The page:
In news that may come as no surprise for Canada’s homebuyers, and would-be homebuyers, it’s officially the most unaffordable time ever to purchase a home, according to RBC Economics (something the big bank has pointed out in the recent past, as well). In a new report, RBC economist Robert Hogue points to perpetually high interest rates (a historic campaign that began back in March 2022), soaring mortgage costs, and a notable deterioration in the country’s priciest markets as setting the stage for a challenging time for buyers.

As Hogue highlights, high interest rates sent home ownership costs to new heights in the last quarter of 2023. A Canadian household earning a median income needed to spend a tough-to-swallow 63.5% of it to cover the costs of owning an average home at market price – a figure that’s up from 61.8% in the third quarter. Brace yourself: this figure is much higher in places like Vancouver and Toronto.

While home prices have dropped from coast to coast after a red-hot run that began not long after the onset of the pandemic, Hogue highlights that our current climate of soaring interest rate costs more than offset these price drops. Despite Canada’s composite home prices easing 0.5% quarter over quarter, the monthly mortgage payment for the composite home (valued at $796,300) increased more than $125 (3.3%) last quarter to $3,990.

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While affordability worsened in every market RBC tracks, the country’s most expensive markets – Vancouver, Victoria, and Toronto – experienced the biggest deterioration, something Hogue says is “further exacerbating acute stress” in these regions. They’re not alone in their struggles: the situation is becoming more challenging in Ottawa, Montreal and Halifax, where affordability is at, or near, all-time worst levels.

The figures aren’t for the financially faint of heart. In Vancouver, a household would need a whopping 106.3% of median Canadian household income to cover home ownership costs, a figure that has prompted Hogue to state that the west coast city is "in a full-blown crisis." Toronto, this figure is 84.8% – its worse level ever. Gulp.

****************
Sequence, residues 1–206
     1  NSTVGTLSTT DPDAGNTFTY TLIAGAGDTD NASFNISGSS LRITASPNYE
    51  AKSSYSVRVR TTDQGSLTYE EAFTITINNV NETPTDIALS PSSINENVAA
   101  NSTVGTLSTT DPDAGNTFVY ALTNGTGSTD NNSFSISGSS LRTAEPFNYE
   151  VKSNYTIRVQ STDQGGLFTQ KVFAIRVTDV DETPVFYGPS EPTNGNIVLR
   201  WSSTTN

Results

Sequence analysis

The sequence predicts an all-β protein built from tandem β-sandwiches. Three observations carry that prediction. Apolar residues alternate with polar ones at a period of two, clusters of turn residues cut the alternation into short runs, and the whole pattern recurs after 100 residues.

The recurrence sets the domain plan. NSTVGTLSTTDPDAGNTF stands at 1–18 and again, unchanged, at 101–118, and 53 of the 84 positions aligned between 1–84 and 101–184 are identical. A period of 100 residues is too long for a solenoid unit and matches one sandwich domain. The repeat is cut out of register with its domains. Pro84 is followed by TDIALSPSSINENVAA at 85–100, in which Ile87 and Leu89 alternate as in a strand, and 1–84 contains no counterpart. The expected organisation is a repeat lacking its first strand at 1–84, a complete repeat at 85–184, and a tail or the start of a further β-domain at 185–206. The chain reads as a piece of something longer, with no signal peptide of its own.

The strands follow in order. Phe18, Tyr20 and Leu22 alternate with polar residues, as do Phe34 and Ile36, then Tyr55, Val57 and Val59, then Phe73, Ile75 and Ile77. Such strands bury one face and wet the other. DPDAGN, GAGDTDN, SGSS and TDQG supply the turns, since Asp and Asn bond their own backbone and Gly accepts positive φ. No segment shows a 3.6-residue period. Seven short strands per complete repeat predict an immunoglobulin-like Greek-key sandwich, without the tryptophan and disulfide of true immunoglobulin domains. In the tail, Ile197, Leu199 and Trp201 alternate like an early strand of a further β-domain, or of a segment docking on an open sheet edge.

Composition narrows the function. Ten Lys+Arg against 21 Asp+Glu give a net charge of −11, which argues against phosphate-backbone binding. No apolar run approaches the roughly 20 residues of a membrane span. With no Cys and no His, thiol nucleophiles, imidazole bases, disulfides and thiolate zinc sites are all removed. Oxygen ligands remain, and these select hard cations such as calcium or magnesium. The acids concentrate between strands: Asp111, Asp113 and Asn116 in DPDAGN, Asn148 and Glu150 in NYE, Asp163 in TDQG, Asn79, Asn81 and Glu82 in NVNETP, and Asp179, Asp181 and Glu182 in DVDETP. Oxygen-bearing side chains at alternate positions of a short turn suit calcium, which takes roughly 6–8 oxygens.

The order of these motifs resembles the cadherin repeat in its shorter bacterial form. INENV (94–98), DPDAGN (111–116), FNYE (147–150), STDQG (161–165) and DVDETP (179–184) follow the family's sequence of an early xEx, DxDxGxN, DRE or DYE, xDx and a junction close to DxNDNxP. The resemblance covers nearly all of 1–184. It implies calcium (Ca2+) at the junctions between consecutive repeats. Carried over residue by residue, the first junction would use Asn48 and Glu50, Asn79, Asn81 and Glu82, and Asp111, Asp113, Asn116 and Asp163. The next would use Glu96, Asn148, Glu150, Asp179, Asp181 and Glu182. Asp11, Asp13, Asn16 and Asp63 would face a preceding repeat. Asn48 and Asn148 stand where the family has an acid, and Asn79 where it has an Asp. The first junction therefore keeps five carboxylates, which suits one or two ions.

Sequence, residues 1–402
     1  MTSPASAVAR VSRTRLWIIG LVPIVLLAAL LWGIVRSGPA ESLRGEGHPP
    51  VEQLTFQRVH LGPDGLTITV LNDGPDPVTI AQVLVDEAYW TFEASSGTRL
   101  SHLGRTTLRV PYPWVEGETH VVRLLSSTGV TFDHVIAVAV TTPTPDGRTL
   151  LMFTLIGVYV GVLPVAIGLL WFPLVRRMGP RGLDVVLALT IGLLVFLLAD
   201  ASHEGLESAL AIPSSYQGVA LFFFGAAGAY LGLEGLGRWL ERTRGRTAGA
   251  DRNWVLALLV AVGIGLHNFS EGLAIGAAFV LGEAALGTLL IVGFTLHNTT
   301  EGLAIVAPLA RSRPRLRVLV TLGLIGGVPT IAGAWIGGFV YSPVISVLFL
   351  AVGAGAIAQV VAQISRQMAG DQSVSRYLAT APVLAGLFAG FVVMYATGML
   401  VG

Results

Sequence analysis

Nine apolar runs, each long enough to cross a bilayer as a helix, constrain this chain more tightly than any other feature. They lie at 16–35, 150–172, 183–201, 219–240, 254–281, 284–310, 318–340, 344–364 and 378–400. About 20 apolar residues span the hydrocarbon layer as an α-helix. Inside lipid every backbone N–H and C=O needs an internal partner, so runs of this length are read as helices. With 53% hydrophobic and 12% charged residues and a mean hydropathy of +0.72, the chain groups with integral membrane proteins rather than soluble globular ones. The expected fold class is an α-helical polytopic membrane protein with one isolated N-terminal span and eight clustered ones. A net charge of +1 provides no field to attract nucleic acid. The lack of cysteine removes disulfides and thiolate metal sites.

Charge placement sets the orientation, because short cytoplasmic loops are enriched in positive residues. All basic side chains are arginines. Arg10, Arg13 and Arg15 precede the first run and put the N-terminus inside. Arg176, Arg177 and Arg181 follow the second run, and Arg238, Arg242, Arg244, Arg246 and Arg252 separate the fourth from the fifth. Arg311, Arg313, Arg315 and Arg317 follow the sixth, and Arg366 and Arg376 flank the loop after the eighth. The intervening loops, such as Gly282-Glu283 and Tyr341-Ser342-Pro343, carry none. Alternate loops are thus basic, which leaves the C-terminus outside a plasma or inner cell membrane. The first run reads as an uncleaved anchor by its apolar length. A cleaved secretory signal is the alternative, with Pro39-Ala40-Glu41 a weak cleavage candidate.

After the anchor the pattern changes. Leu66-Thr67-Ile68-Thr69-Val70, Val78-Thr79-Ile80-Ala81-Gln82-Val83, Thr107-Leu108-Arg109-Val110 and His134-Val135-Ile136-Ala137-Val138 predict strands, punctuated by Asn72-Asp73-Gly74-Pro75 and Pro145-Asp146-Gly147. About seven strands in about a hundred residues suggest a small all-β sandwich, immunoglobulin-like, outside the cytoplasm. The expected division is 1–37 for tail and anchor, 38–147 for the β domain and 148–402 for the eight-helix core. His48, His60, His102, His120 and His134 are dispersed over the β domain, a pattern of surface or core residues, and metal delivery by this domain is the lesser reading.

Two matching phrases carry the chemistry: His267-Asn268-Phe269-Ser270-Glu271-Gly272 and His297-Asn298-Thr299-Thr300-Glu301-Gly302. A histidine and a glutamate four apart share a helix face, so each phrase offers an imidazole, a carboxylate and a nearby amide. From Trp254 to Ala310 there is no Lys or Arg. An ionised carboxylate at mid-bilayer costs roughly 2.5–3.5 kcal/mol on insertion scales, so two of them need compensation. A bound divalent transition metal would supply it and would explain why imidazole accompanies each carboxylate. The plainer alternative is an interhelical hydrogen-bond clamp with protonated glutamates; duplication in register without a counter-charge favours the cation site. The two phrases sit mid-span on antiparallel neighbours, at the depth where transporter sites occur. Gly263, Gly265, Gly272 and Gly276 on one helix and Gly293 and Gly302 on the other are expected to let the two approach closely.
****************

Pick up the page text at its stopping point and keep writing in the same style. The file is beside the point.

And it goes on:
Hogue highlights how – despite a rate hike pause last summer – interest rates have “crimped” the budgets of Canada’s buyers.

“We estimate they’ve shrunk the maximum budget for a household with a median income ($85,400 at the end of 2023) by 22% since the first quarter of 2022 to just under $500,000 (assuming a 20% down payment and 25-year amortization period),” writes Hogue. “Home prices, meanwhile, have fallen just 1.8% over the same interval. It’s no wonder homebuyer demand has cooled so much. The ability of many Canadians to get into the housing market has greatly diminished.”

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The good news? There’s some relief in sight. The rate drops countless Canadians are waiting for could come with the summer sun, according to Hogue. “We see the growing likelihood of rate cuts starting mid-year as a turning point for housing affordability in Canada,” writes Hogue. “We expect lower borrowing costs will restore some of the massive losses during the pandemic.”

You may want to hold off on the champagne celebrations, however. “Any improvement over the coming year is poised to be modest and leave budget-constrained buyers wanting,” writes Hogue. “The scope for improvement in the year ahead — while sufficient to rekindle some buyers’ enthusiasm — will be small relative to dramatic loss of affordability that occurred during the pandemic.”

In simple terms, under RBC’s base case scenario, the share of an average household income needed to cover ownership costs would only fall to mid-2022 levels by 2025 – something that would “scarcely lower the bar for most potential buyers.”

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The bottom line is that meaningfully restoring affordability will likely take years in many of the country’s priciest markets. “In this context, we expect the housing market’s recovery to be slow at first, before gaining momentum as interest rate cuts accumulate,” writes Hogue. The rollback of earlier hikes will help restore some buying power and narrow the gap with market prices — provided the latter don’t rise too rapidly."

In the meantime, no shortage of sidelined house hunters will inevitably wait for rate cuts before looking for a new home.